Life between the adventures can feel boring, but we strongly encourage our kids to dream big. We also show them ways to translate those dreams into goals. It is so rewarding to dream alongside them and watch them realize those dreams through achieving their goals. We are in a strange time right now, but we are genuinely learning so much about ourselves and the world around us. Now is the perfect time for us to work on goal setting. Sooner than later we will get around to adventuring and achieving those goals.

Seven Secrets to Successful Family Adventures

Sibling love on a day trip

A Successful Family Adventure

No matter how far you venture from home, there are a few tactics to ensure you have successful family adventures. This list of 7 tips for success follows after a bunch of trial and error, a few missteps and several victories. As always, we hope this helps your family enjoy the adventure and look forward to the possibilities…even with teenagers!

Involve Your Kids in the Adventure Planning

One of the best ways to get buy-in from the family is to involve them in the process. To begin, have everyone come up with a BIG DREAM bucket list of destinations that sound fascinating and exciting. We keep those lists going, occasionally crossing things off that no longer have the same allure, or trips we conquered and get checked off! We have discussions about activities they would like to do or try for the first time and then we research the heck out of it. Our kids are teens so they can do the research themselves, but if you have littles sit them on your lap and spend a few minutes looking at photos on the web. Now you’ve got buy-in.

Sibling love on a day trip

Don’t Over-plan Your Adventure

Adventuring in a new place often times translates to squeezing out every minute of fun that’s possible. Resist. That nagging voice in your head that says, “this is once in a lifetime so we must…” is feeding you a standard that is impossible to reach. There is no way we can DO everything in every destination even with unlimited funds. Allow for plenty of wiggle room in your itinerary to compensate for lost time waiting in lines or lunch taking longer than planned. We can’t control it all.

An easy way to cure the over-plan is to have one big activity/tour a day and then a few others depending on how long the activity is. For example, Shep and I wanted to go canyoneering in Costa Rica, but we were still tired from our travel the day before. We chose an afternoon tour that lasted 3 hours which gave us time to chill in the hot springs in the morning. Create space for downtime where the kids can relax/nap, check their phones and veg out for a bit. If you don’t create it, you will naturally fill it with something else. From the early days we learned to communicate when those down times would be so the kids knew to push through even if their feet were ready to give out (like in Washington D.C.).

Dream adventure sailing in the BVI
Processed With Darkroom

Family Space

You know your family. When you make decisions about accommodations or car rentals I urge you to choose wisely. We have a family of 5 with three teenagers/tweens so needed space is a thing. It’s good for kids to know that sharing beds and sacrificing some space for a great experience is worth it, but if the accommodation has limited beds consider rotating who gets the comfy one each night. Also, we have made the grave mistake of trying to stuff everyone into a compact SUV (along with our luggage) in order to save money. NOT a good idea if it’s a trip you plan to use the rental car a lot. Long trips that require lots of family adventure time together will go more smoothly if you can make space for everyone.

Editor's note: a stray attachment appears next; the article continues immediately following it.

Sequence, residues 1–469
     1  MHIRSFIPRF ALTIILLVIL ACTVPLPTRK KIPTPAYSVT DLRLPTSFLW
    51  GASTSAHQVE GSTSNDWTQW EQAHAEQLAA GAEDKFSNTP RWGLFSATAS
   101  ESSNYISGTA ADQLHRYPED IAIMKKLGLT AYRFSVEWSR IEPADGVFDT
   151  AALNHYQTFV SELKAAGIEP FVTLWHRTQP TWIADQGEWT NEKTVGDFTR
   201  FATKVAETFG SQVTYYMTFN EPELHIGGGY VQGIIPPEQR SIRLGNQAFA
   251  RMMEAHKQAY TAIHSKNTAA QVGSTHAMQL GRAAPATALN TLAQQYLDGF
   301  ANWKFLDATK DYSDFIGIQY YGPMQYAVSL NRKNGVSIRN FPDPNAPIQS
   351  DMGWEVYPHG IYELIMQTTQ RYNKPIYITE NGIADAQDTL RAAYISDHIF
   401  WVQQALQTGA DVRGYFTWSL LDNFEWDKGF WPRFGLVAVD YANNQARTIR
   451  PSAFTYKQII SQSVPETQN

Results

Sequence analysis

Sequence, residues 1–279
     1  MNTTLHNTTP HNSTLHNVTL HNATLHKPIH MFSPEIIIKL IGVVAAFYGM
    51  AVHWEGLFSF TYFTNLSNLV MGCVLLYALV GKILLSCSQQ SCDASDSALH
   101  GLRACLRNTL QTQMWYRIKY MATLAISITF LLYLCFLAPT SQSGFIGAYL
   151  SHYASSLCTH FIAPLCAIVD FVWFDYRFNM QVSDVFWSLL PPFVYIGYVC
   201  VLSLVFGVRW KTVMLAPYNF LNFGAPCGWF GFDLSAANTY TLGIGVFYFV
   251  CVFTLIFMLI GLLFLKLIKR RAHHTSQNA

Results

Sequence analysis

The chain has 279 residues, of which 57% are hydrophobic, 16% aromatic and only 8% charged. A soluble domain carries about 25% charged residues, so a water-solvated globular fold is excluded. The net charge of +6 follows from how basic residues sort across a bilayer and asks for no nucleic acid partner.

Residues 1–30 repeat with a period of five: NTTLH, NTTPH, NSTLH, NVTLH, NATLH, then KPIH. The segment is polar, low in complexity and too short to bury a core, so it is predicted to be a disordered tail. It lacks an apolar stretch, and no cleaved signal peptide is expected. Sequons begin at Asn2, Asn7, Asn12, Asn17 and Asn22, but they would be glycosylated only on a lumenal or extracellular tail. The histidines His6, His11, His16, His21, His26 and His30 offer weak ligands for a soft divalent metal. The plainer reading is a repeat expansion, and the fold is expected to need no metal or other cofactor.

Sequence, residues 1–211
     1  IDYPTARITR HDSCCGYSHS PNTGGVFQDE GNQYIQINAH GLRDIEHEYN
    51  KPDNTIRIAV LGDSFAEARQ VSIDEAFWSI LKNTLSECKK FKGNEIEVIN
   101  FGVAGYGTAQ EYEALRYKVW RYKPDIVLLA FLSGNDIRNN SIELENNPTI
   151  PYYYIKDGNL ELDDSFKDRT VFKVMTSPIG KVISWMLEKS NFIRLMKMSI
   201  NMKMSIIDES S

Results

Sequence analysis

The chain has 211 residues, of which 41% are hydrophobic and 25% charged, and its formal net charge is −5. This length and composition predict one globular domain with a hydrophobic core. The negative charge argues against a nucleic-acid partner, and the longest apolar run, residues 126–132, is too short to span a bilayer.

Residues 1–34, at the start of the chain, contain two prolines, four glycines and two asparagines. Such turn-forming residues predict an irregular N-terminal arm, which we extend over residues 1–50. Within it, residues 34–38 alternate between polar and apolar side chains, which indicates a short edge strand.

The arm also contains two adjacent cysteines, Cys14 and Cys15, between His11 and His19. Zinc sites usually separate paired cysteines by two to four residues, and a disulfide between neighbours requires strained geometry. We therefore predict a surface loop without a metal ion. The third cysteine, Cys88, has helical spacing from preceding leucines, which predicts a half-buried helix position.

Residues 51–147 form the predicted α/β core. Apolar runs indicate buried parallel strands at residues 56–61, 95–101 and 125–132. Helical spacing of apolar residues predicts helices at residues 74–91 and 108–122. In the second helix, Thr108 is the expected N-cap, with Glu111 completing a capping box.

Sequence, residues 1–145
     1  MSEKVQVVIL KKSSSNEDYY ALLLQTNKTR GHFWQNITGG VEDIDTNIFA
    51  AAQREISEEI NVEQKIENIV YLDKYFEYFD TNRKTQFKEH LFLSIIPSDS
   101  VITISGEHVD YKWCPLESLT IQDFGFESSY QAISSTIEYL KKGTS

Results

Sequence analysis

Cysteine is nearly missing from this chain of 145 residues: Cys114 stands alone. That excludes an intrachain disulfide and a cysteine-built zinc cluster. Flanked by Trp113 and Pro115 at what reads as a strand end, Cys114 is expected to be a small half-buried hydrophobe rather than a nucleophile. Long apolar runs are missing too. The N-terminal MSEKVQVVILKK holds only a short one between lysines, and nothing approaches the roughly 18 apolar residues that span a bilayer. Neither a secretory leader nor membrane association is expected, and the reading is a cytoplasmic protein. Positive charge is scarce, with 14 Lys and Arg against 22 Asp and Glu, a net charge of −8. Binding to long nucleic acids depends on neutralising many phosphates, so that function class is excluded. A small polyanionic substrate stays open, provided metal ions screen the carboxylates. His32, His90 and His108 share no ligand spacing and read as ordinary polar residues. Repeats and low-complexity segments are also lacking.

Top activity choice for the win!

Everyone Has a Responsibility

This tip can really help with the squabbling amongst family members. When each person has their own responsibility on the trip they can focus on that instead of everyone else. It’s not foolproof, but it gives everybody some ownership in the tasks of travel. For us, John is the driver and I am the navigator. Rowan is the luggage handler and car packer, Shep is in charge of snacks and the cooler and Holland does the music and is in charge of keeping us on our activities structure. Even your littles can have something they are in charge of. Get creative- music playlists, packing the cooler, setting up chairs at the campsite, collecting firewood, and more are all ideas.

Family time-success for Holland's choice on a morning of murals in Miami

Say YES!

Honestly this one can be tough to adjust to. Fight the urge to say no. It does seem unreasonable to say yes to ice cream right before dinner and it doesn’t always fit into the schedule to stop off at a viewpoint for one more photo. BUT, this is about successful family adventures so who cares. You are not going to ruin your kids or the experience or the budget by doing this. The memories will be heightened and the family will be more amiable. Say yes to the kids jumping in the lake with their clothes on. Say yes to getting up at sunrise so your teenager can get an epic photo. Say yes to one more round of s’mores. This is what building up your family is all about!

Epic Hawaii family adventure

Surprises

This one works well with littles especially. Keep small surprises along the way to really add to the joyful experience of the adventure. Hiking isn’t always a favorite for little legs, but if you keep a surprise for them at the end of the hike they will remember it forever. It’s up to you if you want to dangle the surprise or not. You know your people and how they will deal with that. Just don’t talk it up too much or they may be disappointed! With older kids you can really boost the trip by holding out on one big activity they had their eye on and saving it and watching their reaction is so rewarding.